Modernization

Modernization can be interpreted as growth of a nation in all areas (i.e. social, economic,
political), for example, the aim is ‘development of national forms of polity,
the objects of which are to increase the social product with fair shares for
all. Successful models now include Japan and the Soviet Union’ (Apter 1965,

Preface). Although this definition is outdated, as the inclusion of the Soviet

Union (no longer in existence and with serious economic and social problems
persisting in Russia) and Japan (also currently in a recession along with most
of Asia) illustrates, the ideal of modernization is clear. Another approach to
the term modernization is not to take it as an ideal but as a simple increase in
social (literacy, numeracy), economic and political (rationalizing beaurocracy)
standards within a given region (Marglin and Marglin 1990). Whether this ideal
or set of standards is a natural state to which all countries will gravitate is
the question that this essay will attempt to answer. Is the Darwinian theory of
evolution something that can be applied to the great animal that people know as civilization
(or the nation-state)? Is modernization the evolution of the species on a
different level? Britain was the first ‘modern’ nation by these standards,
in the sense that industrialization of the country resulted in a final shift
from an agrarian society (limited trade) to an industrial society (highly
commercial) thereby creating a new social, economic and political state. This is
to say that the ‘instrument’ (Weiner (ed.) 1966, 7) for modernizing Britain
was industrialization, and not that industrialization equals modernization. The

British Empire, already being established, grew rapidly due to the technological
innovations derived from industrialization, colonies were established in
countries without the modern system which Britain had evolved. Thus, it can be
derived that, British colonists who sought to establish political, social and
economic systems to benefit the modernization of the colony exported the ideal
of the modern nation-state to those countries within the empire. The majority of
these colonial nations as well as those of the other industrialized nations
gained their independence following the end of the Second World War, and were
faced with the problem of attempting to modernize (if that was the objective). Modernization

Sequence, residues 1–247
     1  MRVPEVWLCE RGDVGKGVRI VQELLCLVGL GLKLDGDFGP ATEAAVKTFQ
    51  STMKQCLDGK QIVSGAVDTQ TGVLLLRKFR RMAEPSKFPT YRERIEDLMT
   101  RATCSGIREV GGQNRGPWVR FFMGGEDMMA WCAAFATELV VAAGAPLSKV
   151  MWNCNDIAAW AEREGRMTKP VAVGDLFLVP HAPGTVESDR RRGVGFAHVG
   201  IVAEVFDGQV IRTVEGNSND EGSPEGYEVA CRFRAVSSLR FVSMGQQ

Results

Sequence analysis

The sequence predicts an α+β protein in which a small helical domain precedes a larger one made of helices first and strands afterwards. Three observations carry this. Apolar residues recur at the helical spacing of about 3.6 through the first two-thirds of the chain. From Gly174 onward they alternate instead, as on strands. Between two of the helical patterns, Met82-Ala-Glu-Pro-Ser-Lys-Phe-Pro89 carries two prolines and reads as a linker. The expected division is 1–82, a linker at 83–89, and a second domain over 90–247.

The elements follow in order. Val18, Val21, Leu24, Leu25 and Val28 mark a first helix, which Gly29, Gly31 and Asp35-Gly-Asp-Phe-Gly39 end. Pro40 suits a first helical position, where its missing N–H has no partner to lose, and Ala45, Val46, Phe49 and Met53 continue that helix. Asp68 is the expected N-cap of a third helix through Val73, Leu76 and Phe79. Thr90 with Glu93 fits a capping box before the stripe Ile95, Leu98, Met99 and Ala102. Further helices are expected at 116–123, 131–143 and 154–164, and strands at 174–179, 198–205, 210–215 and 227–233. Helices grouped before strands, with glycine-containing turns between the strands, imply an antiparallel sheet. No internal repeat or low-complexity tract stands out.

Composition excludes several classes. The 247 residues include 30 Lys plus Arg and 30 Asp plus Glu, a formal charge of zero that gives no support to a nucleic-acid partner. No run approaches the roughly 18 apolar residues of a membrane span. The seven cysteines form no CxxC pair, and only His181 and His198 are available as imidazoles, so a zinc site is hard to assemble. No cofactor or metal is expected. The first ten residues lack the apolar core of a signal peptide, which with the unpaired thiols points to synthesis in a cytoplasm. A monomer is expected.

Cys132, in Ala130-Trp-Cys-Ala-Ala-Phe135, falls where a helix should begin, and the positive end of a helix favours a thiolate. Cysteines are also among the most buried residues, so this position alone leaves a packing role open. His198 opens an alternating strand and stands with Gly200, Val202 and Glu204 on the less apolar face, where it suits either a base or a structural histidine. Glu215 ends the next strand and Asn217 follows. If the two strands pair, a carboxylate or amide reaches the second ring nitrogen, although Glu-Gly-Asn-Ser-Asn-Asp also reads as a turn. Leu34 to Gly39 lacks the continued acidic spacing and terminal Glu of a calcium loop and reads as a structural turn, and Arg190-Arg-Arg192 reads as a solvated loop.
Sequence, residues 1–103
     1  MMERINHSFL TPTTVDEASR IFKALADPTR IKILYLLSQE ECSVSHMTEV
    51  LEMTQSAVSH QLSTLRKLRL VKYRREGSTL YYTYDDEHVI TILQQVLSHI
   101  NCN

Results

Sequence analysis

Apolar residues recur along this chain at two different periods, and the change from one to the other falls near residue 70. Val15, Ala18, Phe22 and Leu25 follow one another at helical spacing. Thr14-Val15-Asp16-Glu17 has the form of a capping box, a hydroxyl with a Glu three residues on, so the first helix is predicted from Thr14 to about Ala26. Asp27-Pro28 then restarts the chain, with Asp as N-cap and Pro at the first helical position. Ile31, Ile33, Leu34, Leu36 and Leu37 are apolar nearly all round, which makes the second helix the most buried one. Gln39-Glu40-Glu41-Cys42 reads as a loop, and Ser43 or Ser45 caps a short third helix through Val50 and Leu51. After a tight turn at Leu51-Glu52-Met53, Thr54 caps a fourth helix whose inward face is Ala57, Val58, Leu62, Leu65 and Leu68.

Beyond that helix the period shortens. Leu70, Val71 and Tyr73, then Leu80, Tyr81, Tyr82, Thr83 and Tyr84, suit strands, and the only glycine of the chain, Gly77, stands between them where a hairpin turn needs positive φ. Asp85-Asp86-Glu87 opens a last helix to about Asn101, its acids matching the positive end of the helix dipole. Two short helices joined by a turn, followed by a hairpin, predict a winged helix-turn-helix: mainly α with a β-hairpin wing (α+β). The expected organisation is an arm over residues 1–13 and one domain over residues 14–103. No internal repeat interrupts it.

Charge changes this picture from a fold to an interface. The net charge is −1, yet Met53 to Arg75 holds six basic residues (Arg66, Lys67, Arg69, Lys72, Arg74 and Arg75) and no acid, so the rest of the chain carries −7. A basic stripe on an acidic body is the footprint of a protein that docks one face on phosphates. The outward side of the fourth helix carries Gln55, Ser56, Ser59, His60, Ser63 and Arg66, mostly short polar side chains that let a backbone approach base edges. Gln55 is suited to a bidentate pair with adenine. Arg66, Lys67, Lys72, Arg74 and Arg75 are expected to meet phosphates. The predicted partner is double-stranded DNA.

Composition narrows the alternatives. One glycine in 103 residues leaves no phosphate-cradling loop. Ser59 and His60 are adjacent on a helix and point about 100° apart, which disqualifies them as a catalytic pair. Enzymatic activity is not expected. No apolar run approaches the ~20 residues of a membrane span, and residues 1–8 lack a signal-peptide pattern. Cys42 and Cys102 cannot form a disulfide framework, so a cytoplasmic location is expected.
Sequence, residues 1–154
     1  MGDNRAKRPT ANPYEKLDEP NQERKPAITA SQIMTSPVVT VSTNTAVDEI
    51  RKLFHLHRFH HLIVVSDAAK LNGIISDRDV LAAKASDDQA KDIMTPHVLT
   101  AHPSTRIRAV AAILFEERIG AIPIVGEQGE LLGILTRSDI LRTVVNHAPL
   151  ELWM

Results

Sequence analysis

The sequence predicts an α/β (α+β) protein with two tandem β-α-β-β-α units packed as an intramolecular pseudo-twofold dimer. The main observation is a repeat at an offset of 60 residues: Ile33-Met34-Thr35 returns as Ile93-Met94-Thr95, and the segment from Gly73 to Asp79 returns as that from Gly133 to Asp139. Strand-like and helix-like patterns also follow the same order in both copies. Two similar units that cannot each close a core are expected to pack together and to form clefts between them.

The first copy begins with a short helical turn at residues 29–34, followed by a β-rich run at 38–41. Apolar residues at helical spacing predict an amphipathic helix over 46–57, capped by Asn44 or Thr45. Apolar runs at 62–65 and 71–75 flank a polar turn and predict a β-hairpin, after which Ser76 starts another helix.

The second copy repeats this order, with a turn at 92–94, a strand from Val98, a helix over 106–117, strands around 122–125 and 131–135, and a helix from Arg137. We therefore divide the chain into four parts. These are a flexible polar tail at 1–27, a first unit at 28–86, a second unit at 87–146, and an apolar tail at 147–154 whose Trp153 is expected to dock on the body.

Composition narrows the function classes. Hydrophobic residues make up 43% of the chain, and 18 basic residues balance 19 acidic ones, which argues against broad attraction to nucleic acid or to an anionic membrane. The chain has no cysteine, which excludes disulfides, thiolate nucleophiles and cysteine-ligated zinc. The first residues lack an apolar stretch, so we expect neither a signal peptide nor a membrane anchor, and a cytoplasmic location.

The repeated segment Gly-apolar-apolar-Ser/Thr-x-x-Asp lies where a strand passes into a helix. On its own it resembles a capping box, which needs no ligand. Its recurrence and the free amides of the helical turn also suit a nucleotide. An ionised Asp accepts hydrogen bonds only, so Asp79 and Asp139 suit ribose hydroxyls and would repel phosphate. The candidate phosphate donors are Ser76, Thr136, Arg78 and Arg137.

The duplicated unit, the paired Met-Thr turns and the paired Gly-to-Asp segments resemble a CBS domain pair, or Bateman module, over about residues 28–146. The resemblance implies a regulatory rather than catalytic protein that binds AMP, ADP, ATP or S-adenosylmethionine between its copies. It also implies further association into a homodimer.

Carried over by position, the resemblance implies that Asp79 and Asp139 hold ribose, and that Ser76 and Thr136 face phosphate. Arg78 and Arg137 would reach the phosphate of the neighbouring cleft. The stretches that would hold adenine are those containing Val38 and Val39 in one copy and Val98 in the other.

often requires ‘personalities’ (Apter 1965, Hunter 1969, Pye 1966), the

Elite members of Shils’ ‘new states’ (in Geertz (ed.) 1963) sought to
create an acceptable political system whether that took the form of one-party or
multiple-parties by following the colonial political structures that had been
established. These largely peasant societies were traditionally
agricultural/agrarian based, much like those found in 15th Century Europe
(Hunter 1969, 4), thereby making the application of established political
practices from far more developed countries a great challenge. As a result of
this; ‘Difficulties arise for comparative study because we have enshrined
moral principles in models that have served well in a western political
context’ (Apter 1965, 15). After all, the global economic and political
climate found in 15th Century Britain & Europe was markedly different to
that which surrounded these developing nations. Therefore the impetus for
modernisation comes as much from external forces exerted by modernised nations
as from within the nation itself. So although, as Pye puts it, ‘Economic
achievement is, for example, directly tied to the spirit of industry and
entrepreneurship of a people..’ ( in Weiner (ed.) 1966, 364), nations such as

Britain and the United States exerted pressure on the economies of developing
countries for purposes of trade and international relations. Indeed a ‘major
goal of United States foreign policy’ was ‘the political development’ of

Third World countries (Wiarda 1989). Whether this political development has
actually occurred, particularly in Africa, is a matter of great debate (Shaw

1991, Nyang’oro 1989). The images of Ethiopia in the 1980s where famine was
decimating the population, Rwandan civil war and ethnic cleansing, and the

Central African Republic/Congo political leadership struggle have all outlined
the great political, social and economic problems on the continent. In Ethiopia
the feudal, with a few moderations, system has been the dominant political
situation since 1941 (Gilkes 1975). The people of many countries in Africa, even
those with strong ties to colonial powers and well-established infrastructure
(e.g. Tanzania), may have the trappings of modern society (e.g. Television and

Coca-Cola) without having a stable political system. As a result of war, famine,
lack of diversification and their exploitation by foreign powers, these nations
are in massive debt and cannot modernise their society (hence the Cancel Third

World Debt appeal). This can surely not be considered modernisation by the
westernised standards that are imposed upon the term. However, it is important
to note that these same standards